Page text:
Reduced Serum and Hypoxic Culture Conditions Enhance the Osteogenic Potential of Human Mesenchymal Stem Cells

Bernard Y K Binder, John E. Sagun, Jonathan K Leach

Research output: Contribution to journalArticle

10 Scopus citations

Abstract

Abstract: Current protocols for inducing osteogenic differentiation in mesenchymal stem/stromal cells (MSCs) in culture for tissue engineering applications depend on the use of biochemical supplements. However, standard in vitro culture conditions expose cells to ambient oxygen concentrations and high levels of serum (21 % O<inf>2</inf>, 10 % FBS) that do not accurately recapitulate the physiological milieu. While we and others have examined MSC behavior under hypoxia, the synergistic effect of low serum levels, such as those present in ischemic injury sites, on osteogenic differentiation has not been clearly examined. We hypothesized that a concomitant reduction of serum and O<inf>2</inf> would enhance in vitro osteogenic differentiation of MSCs by more accurately mimicking the fracture microenvironment. We show that serum deprivation, in conjunction with hypoxia, potentiates osteogenic differentiation in MSCs. These data demonstrate the role of serum levels in regulating osteogenesis and its importance in optimizing MSC differentiation strategies. Highlights: Serum levels, in addition to hypoxia, have a significant effect on MSC osteogenic differentiation.Both naïve and osteogenically induced MSCs exhibit higher osteogenic markers in reduced serum.MSCs deposit the most calcium under 5 % O<inf>2</inf> in osteogenic media supplemented with 5 % FBS.Standard culture conditions (21 % O<inf>2</inf>, 10 % FBS) may not be optimal for MSC osteogenic differentiation.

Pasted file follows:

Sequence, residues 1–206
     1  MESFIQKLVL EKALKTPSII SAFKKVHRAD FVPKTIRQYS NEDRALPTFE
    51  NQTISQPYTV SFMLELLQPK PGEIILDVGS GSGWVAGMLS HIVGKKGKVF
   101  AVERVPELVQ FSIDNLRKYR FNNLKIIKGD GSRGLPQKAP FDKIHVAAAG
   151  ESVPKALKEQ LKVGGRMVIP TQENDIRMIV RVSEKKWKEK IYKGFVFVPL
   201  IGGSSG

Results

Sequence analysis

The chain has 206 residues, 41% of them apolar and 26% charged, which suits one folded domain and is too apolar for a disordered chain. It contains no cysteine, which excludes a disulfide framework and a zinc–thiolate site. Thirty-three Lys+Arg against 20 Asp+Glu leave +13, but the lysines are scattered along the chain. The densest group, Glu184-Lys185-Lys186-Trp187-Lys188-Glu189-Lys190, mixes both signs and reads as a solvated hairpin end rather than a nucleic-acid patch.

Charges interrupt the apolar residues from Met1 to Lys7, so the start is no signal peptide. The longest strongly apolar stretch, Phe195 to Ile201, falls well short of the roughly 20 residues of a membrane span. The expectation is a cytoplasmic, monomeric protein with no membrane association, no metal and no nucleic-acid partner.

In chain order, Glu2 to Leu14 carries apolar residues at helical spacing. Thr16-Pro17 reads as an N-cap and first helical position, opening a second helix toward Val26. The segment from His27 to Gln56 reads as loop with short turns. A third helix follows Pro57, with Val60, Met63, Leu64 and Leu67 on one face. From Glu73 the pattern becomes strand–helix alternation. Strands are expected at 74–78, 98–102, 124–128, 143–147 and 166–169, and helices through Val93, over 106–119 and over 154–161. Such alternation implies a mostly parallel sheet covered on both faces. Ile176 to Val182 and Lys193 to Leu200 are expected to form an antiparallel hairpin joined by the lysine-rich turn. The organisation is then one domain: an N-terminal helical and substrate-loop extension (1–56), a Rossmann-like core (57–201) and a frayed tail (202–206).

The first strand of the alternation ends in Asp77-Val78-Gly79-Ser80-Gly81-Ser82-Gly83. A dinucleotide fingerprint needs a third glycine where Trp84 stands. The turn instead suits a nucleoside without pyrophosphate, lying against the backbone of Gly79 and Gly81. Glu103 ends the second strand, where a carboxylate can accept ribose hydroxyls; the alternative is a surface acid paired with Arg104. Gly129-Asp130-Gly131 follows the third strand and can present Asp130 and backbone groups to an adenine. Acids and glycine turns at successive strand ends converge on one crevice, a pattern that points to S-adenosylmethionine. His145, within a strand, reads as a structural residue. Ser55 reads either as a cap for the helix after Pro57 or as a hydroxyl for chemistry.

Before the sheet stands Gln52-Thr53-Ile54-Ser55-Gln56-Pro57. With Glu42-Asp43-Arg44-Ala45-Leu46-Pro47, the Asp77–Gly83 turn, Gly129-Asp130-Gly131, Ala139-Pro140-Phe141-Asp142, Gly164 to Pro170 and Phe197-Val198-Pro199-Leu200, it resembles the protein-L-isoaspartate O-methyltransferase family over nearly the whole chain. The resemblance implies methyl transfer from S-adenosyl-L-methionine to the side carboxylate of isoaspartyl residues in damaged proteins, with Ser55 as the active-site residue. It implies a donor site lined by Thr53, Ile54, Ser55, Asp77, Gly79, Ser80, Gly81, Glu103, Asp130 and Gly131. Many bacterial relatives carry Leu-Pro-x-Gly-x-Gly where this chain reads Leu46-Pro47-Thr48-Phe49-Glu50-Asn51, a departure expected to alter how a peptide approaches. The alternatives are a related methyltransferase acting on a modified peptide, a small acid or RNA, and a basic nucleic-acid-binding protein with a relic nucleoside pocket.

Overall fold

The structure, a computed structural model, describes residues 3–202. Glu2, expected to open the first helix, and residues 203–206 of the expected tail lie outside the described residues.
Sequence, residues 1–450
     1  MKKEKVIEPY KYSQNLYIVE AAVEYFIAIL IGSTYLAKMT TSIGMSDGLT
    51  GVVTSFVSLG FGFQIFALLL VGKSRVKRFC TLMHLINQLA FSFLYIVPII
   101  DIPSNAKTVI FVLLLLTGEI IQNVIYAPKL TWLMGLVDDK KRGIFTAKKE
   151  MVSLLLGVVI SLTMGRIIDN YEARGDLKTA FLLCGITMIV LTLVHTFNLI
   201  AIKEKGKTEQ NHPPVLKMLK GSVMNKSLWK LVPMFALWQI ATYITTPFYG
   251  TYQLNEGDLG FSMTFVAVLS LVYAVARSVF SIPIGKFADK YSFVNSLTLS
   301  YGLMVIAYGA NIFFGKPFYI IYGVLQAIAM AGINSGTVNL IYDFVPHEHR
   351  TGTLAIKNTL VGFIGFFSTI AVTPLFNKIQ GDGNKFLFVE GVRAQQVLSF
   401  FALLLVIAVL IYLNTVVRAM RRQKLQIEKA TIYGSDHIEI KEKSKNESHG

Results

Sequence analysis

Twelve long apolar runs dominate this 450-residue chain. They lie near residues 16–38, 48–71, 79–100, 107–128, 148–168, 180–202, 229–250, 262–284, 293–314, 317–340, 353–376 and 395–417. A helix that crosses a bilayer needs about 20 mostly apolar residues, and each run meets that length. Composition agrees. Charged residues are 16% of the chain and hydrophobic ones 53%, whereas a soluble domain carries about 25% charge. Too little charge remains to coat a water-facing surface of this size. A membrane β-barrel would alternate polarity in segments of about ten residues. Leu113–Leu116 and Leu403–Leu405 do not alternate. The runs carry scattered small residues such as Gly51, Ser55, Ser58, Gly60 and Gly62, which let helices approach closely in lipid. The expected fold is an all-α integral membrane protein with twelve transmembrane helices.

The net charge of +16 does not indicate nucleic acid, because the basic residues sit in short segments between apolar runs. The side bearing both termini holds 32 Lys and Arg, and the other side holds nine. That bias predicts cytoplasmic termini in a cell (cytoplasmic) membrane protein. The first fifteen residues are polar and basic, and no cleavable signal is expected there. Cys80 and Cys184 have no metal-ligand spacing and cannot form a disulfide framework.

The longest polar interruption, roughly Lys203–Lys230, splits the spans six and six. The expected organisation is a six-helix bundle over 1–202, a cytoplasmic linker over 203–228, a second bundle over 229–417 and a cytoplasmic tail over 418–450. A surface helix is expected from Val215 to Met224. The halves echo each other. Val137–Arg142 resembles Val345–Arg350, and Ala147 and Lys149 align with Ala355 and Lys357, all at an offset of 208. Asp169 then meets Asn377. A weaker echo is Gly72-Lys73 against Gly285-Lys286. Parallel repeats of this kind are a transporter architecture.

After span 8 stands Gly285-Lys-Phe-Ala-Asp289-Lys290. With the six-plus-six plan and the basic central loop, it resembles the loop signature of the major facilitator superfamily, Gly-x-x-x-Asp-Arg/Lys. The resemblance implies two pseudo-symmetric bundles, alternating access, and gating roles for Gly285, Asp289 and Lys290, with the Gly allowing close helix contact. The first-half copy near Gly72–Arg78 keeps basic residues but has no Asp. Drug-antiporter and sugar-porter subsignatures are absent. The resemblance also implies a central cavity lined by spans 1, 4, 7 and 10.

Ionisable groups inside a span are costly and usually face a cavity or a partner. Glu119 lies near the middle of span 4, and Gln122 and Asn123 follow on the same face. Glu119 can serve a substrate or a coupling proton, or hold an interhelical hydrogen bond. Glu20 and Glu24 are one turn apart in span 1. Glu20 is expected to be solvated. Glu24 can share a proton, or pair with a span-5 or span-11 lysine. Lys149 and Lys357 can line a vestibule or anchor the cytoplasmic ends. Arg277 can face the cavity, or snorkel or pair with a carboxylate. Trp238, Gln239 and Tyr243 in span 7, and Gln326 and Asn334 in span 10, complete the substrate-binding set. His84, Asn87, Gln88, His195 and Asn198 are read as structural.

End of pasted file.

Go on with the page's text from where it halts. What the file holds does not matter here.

Original languageEnglish (US)
Pages (from-to)387-393
Number of pages7
JournalStem Cell Reviews and Reports
Volume11
Issue number3
DOIs
StatePublished - Jun 4 2015

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Keywords

  • Hypoxia
  • Mesenchymal stem cell
  • Osteogenic differentiation
  • Serum deprivation

ASJC Scopus subject areas

  • Cancer Research
  • Cell Biology

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